In a short blog posted back in February of this year, I said I would tell you all about my experiences in Peru. I’m going to do just that in this blog.
But beyond that, I’m going to explain how it influenced my entire perspective on healthcare and healing, because it has. I went on this trip with the intention of learning, and now I want to share what I learned in Peru.
Image Credit: John Woolf
I have always been fascinated by other cultures, and I jumped at the chance to see Peru and the Andes Mountains.
From there, we traveled to the Urabumba (or Sacred) Valley. While in the area, we visited ancient sites along the Sacred Valley, where we did specific studying on healing. Other sites we visited included:
Each site held a specific teaching with themes about Shamanic Healing. It was a 10 day trip in total, and we spent most of our time there in Cusco and the Sacred Valley. I enjoyed it from the perspective of a traveler, a tourist, and a healer. Interestingly, I have been trained in the most rigorous thinking of western medicine: such as the importance an accurate diagnosis, the inflammatory process and medical management. So this experience was far outside my comfort zone.
I chose to visit Peru because I wanted to learn more about how another culture approaches the art of healing. In the United States and Western culture, medicine, in general, has evolved into a very precise, technical process. I know this from my own training.
However, it was my frustration with some aspects of Western medicine that triggered my desire to learn what other cultures do. We enjoy a number of amazing modern medical innovations in the United States, in terms of both medications and technologies--but where we have fallen short at times is in relationship building between healthcare providers and patients.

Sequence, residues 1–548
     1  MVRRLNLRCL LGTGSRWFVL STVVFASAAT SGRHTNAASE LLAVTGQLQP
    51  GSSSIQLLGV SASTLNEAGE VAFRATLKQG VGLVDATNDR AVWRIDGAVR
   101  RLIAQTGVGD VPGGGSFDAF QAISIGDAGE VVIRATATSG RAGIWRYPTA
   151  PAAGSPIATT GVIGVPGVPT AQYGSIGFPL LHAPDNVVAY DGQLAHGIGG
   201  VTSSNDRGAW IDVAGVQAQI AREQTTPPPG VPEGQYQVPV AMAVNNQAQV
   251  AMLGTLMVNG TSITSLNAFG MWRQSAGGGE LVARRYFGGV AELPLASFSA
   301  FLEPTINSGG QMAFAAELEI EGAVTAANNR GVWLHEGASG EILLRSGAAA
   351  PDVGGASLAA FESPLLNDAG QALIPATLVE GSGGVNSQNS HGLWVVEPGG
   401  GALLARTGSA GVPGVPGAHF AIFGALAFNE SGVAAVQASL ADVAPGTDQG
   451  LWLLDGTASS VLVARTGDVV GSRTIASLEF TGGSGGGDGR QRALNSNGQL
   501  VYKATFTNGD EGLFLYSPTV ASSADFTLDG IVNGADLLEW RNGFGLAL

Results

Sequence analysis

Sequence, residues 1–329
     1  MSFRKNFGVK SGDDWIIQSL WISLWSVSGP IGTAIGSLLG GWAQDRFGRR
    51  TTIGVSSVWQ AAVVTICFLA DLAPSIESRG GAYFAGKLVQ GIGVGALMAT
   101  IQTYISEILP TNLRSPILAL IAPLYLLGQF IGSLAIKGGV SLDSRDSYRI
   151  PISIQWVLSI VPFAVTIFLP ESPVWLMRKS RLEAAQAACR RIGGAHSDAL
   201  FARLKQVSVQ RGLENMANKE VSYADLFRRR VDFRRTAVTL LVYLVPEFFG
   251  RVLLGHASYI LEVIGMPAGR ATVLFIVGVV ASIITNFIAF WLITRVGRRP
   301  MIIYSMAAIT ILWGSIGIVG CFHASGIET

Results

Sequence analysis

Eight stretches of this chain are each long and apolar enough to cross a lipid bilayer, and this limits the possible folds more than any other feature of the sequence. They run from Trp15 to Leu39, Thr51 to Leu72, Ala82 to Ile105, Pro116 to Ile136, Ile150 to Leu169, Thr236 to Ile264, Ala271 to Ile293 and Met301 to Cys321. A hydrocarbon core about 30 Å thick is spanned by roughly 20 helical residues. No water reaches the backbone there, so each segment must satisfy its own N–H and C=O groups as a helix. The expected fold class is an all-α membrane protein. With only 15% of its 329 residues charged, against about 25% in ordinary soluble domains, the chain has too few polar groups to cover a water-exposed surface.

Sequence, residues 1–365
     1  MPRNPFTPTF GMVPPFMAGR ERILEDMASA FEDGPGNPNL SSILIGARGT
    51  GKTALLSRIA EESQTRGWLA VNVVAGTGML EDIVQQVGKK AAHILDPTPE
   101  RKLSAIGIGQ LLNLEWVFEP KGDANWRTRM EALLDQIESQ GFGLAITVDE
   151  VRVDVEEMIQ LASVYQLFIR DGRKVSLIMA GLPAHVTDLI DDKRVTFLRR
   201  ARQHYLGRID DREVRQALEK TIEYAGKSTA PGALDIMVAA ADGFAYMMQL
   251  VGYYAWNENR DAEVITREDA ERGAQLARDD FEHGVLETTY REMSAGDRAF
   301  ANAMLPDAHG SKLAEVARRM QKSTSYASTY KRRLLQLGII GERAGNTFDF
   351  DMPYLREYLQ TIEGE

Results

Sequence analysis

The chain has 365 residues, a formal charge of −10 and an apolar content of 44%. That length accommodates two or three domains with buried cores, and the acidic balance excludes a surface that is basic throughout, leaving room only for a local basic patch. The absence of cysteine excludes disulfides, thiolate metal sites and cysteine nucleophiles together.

Healing is a universal pursuit, but it was fascinating to see how the approach was different in the Peruvian mountains. You can break down the process of healing into 3 components:
Intention to heal to by the patient
A relationship between the patient and the healer
A ritual conducted by the healer
If you go to a doctor with the intention to heal, you might, if time allows, establish a relationship with that provider. Depending on the condition, the “ritual” that follows can be anything from a surgical procedure to a pill. It’s true that much of Western medicine is remarkably effective, but at the same time, it lacks that crucial middle component: the relationship.
There’s a saying that goes: “The best surgeon cannot heal a cut.” If you think about it, you’ll realize how true it is. In reality, at the most basic level, a provider’s main job is to encourage and empower the body to heal itself.
Image Credit: John Woolf
A good doctor-patient relationship is important for this. You’re only with the doctor for a short time compared to the time you spend in your own body, so you need to create the best possible environment for your body to heal.
At ProActive, we want to really understand your needs as a patient, and then take the time to explain what the problem is and how to create the every important "environment for healing". Fostering that understanding and connection will help you as a patient along the path to a better outcome.
Ultimately, our experts understand pain and how to heal it. Thanks to what I learned in Peru, I know that relationships matter. We’re here to collaborate with you on your health care. We call it a "Transformative Healthcare Relationship"
It's a bold, new kind of Health Care! The Health You Want!
~ John Woolf